The ‘no casino’ policy as well as stricter measures against partying in tourist hotspot Boracay Island has been lauded by those fond of the island following its reopening after a six-month rehabilitation period
Among the new policies reportedly being enforced are a total ban on alcohol on the beaches and setting up of beds, tables and chairs and beach umbrellas within the new 30-meter exclusion zone along the shoreline. Water sports, such as jet skiing, have also been limited to 200 meters away from the shoreline.
Tourism Secretary Berna Romulo-Puyat said that visitors in the island will be limited to a maximum capacity of 19,000. In an interview with Indonesian media, she explained that while environmental regulations have already been in place, there was a need for stricter implementation.
“Eco-friendly policies have been in place for a long time – this is nothing new. People just need to follow them. The environment is important. We need to change the mindset of the people,” she said in the interview.
She and the heads of the two other agencies tasked with the island’s rehabilitation, Interior and Local Government Secretary Eduardo Año and Environment Secretary Roy Cimatu, have requested the Philippine Amusement and Gaming Corporation to cancel all gaming licenses in the island.
They indicated in the letter that the directive came from President Rodrigo Duterte himself.
Justice Secretary Menardo Guevarra concurred with Romulo’s request for stricter policies, recommending that Duterte issue an executive order on the policy.
Puyat had earlier sent a letter asking for legal options to properly implement the ‘no casino’ policy.
“Based on a review of the applicable law and jurisprudence, this department is of the opinion that the issuance of an EO would be the most expedient and effective means of halting the operation of casinos and implementing a no-casino policy in Boracay,” Guevara wrote in his recommendation letter to the Palace.
Jose Tria Jr., special assistant to the PAGCOR chairman and chief executive officer on Tuesday said that PAGCOR had no problem cancelling such licenses on the island.
Hotels with casinos were reportedly barred from resuming operations following the island’s reopening.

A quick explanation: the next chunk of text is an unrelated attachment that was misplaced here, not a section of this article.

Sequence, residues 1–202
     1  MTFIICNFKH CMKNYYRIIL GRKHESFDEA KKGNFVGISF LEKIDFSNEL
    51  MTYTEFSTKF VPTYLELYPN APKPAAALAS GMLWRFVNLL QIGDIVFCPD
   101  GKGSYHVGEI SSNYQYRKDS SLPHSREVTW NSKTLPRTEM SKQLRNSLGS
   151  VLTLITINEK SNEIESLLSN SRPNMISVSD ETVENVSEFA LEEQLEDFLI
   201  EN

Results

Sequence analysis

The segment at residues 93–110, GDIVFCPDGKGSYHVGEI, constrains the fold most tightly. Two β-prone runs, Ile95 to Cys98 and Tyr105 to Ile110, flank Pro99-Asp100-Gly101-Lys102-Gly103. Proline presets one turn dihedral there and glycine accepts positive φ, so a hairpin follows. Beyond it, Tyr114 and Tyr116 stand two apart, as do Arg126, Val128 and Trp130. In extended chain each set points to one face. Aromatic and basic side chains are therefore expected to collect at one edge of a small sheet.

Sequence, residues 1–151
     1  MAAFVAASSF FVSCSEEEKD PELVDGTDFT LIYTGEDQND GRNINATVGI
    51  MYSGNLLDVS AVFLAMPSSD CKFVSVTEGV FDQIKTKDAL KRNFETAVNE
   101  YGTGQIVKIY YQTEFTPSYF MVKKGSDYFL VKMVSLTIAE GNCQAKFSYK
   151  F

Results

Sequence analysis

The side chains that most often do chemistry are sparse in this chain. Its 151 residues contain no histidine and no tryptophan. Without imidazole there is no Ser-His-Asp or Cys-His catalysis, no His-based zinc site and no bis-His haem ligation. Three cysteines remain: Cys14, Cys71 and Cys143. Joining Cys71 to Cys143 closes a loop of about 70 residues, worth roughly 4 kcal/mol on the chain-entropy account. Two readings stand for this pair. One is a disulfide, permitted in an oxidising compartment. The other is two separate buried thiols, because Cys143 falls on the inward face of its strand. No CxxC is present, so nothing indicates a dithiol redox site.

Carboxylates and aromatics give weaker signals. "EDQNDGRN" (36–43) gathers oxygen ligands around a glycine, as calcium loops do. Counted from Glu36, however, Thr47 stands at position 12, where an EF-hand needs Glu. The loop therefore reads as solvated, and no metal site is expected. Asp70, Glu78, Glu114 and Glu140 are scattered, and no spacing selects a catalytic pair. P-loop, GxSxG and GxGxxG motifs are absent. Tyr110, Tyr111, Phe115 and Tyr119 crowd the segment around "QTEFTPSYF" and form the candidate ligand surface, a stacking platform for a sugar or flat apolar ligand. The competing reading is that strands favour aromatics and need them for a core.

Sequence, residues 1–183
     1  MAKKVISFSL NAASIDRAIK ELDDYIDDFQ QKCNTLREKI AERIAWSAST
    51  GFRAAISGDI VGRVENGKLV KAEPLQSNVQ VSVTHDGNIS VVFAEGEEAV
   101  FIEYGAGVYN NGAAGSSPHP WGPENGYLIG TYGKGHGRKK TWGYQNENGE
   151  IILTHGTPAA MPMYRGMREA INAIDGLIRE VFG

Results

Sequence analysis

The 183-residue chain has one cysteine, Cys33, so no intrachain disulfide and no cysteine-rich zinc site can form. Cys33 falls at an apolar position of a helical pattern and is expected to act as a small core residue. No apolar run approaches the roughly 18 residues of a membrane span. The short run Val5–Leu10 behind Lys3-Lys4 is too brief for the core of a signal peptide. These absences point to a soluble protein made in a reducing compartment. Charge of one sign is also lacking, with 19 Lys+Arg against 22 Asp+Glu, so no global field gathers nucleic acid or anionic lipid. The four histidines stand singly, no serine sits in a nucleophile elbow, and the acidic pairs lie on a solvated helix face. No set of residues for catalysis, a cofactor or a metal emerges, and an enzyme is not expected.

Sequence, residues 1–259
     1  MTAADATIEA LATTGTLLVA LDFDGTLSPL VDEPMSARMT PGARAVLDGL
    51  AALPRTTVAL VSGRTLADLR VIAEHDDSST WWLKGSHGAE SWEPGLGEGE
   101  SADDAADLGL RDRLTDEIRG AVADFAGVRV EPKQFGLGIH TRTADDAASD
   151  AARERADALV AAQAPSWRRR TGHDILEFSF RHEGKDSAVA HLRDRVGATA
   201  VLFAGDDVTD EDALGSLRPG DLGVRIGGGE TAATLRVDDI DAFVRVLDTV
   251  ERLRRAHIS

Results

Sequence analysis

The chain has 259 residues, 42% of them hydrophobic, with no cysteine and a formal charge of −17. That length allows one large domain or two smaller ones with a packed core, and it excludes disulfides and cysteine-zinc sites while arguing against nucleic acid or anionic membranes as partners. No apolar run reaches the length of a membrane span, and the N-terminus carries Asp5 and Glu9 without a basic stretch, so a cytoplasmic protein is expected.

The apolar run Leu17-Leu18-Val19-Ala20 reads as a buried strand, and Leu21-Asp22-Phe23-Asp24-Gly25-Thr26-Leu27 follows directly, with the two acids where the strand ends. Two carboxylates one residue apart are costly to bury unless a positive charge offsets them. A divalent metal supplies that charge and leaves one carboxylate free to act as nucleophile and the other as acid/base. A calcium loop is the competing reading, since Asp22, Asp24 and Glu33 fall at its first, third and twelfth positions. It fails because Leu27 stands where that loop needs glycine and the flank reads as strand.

— Jenny Lavelle (@JennyLavelle_) October 26, 2018
Most of the people who will praise the "new" Boracay are the same people who bashed the idea of rehab a few months ago. Wont acknowledge the ballsy call to close it down. Like most allegations (casinos, friends with benefits), they aint happening.
Hanap uli ng next na mali! https://t.co/ZK4IYV5kis
— Dré Gonzales 🇵🇭 (@dregonz) October 25, 2018
The road to rehabilitation
Boracay has been regarded as one of the country’s most popular destinations for party-goers and beach lovers. It is believed to generate as much as P56 billion yearly.
Despite some protest from business owners, Duterte in April 2018 ordered its six-month closure, citing the environmental damage caused by unregulated tourism on the island.
The rehabilitation is believed to have closed 440 hotels, 2,600 businesses and cost around 35,000 jobs.
The provisional license granted to Macau-based casino operator Galaxy Entertainment Group for the construction of a casino on the island has been criticized, with some claiming that the rehabilitation was actually a front for its construction.
The Palace however has continued to deny its support for the casino, reiterating the president’s stance against gambling on the island.
Duterte in April 2018 said that apart from saving the island from environmental degradation, he also wanted to distribute agricultural land on Boracay to farmers.
The Department of Agricultural Reform in June 2018 reported that agrarian reform on the island could cover up to 845 hectares. Of these, close to eight hectares will be distributed to the indigenous Ati-ati people of Boracay, shortly before the island’s reopening.